What was identified in the common good and solidarity as principally grounding and constituting social capital is lost if the activity of a group is collapsed merely to instrumental status for the achievement of an admittedly good end. For this reason, John Paul II reiterated, “According to Rerum Novarum and the whole social doctrine of the Church, the social nature of man is not completely fulfilled in the State, but is realized in various intermediary groups, beginning with the family and including economic, social, political and cultural groups which stem from human nature itself and have their own autonomy, always with a view to the common good” (John Paul II 1991, n13). Moreover, attention to subsidiarity as a principle for authentic social capital also focuses on critiques and gaps in existing theories on its creation, maintenance, and function. David Skidmore is enthusiastic for a possible “third way” that civil society as represented in social capital research provides for negotiating the statist/neoliberal debate over whether development is best sought through strong states or free markets. However, he warns of three deficiencies in current research, which include (1) distributional issues of social capital in a community; (2) the fungibility of social capital; and (3) whether accumulation of social capital is a function more of cultural traits or institutional arrangements (Skidmore 2001; cf. Putnam 2000, 287–366). In one way or another, subsidiarity speaks to each of these concerns Skidmore raises and can provide a heuristic for further research into those areas.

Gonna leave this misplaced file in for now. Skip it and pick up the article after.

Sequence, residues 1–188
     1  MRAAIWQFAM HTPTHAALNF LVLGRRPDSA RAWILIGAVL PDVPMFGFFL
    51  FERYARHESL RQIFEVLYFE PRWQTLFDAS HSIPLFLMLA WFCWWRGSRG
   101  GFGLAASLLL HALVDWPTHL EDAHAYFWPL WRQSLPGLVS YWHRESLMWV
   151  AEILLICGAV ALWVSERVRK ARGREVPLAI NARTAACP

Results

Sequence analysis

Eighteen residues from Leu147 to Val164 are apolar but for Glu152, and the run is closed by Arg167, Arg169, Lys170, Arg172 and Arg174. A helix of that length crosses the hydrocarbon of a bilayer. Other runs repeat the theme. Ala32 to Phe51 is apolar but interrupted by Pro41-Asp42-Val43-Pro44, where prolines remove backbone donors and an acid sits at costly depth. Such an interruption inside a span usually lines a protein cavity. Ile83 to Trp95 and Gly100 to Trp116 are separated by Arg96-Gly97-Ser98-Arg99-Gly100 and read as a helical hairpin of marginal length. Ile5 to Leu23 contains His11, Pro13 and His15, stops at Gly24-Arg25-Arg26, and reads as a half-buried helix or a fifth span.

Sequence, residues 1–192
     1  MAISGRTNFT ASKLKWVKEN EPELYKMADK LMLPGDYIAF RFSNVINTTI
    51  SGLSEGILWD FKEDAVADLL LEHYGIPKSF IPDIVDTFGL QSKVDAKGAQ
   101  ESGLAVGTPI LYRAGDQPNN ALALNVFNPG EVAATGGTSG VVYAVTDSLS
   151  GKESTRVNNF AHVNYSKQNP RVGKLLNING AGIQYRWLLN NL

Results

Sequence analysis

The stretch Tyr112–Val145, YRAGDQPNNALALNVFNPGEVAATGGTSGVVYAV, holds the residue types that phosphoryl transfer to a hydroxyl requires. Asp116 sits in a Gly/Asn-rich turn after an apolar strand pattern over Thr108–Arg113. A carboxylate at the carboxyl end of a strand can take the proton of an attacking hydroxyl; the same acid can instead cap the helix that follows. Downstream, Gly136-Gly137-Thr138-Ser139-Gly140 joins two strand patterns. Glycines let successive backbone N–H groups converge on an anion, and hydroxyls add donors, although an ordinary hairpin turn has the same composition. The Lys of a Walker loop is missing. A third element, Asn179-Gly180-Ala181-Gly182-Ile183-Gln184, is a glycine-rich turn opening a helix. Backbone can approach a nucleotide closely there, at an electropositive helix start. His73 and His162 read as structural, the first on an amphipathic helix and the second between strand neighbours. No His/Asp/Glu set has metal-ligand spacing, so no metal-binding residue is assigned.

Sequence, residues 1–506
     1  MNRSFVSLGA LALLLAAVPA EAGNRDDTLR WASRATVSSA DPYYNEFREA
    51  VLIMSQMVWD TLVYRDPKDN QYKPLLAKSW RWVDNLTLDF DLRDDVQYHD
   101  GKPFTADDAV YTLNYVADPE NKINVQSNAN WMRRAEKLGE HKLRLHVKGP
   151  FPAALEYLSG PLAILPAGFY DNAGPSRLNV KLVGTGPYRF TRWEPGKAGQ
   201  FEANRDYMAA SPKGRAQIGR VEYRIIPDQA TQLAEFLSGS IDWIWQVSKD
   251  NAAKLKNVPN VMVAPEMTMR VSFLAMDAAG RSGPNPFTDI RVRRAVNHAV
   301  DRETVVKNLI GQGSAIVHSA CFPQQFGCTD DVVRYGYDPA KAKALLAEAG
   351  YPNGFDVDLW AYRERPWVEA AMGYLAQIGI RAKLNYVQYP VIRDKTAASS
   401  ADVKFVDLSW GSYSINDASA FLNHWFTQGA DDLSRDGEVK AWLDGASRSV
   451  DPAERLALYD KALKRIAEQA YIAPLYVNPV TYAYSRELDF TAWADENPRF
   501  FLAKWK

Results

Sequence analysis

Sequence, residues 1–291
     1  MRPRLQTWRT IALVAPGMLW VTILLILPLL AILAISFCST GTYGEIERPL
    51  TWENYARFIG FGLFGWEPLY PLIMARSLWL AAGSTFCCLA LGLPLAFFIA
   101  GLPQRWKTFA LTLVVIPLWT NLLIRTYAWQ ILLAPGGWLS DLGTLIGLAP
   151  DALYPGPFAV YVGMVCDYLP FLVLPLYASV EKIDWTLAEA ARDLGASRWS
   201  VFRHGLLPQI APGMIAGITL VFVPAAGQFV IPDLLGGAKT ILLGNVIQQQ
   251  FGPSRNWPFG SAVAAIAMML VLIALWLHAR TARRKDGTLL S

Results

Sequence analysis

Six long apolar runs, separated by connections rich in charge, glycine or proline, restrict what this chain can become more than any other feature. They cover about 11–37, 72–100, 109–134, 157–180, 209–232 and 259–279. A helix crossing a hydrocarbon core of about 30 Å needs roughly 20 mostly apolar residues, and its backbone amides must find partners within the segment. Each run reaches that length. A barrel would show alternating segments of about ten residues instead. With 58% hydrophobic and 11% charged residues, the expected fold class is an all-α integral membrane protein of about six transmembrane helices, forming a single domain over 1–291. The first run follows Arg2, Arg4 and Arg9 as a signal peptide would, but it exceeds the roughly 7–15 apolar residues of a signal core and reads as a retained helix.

First, one must account for the distribution of social capital. Skidmore, like Putnam, has noted that social inequalities may be embedded in social capital and part of its productive efficiencies, which accompany the norms and networks considered valuable for organization and attainment of group interests. This can spur efforts of those with seemingly competing interests to turn immediately to the state for resolution of those inequalities or access to the social capital necessary to attain the particular interests of the subordinate group. The principle of subsidiarity, however, recognizes that although social inequality is not justified and is in fact antithetical to the common good: “The State authorities should leave to other bodies the care and expediting of business and activities of lesser moment, which otherwise become for it a source of great distraction. It will then perform with greater freedom, vigor and effectiveness, the tasks belonging properly to it,” among them “to get rid of conflict between ‘classes’ with divergent interests, and to foster and promote harmony between the various ‘ranks’ or groupings of society” (Pius XI 1931, nn80-81). If state authorities intervene too directly, deeply, and consistently in matters that intermediate bodies represented in a rich associational life in civil society can resolve through careful public discourse, negotiation, and compromise, the common good and virtue of solidarity that sustain authentic social capital will be not enhanced but deconstructed. The perspective of subsidiarity helps to check the impulse of lower groups to appeal immediately to higher authorities or to seek complete centralization for the resolution of inequalities or inefficiencies given their present lack of social capital. It instead encourages and empowers those groups and the state to provide only the necessary aid and conditions for the self-realization of the necessary development in local societies and society at large. In this way, the identity and dignity of the intermediate groups and their members is preserved and honored.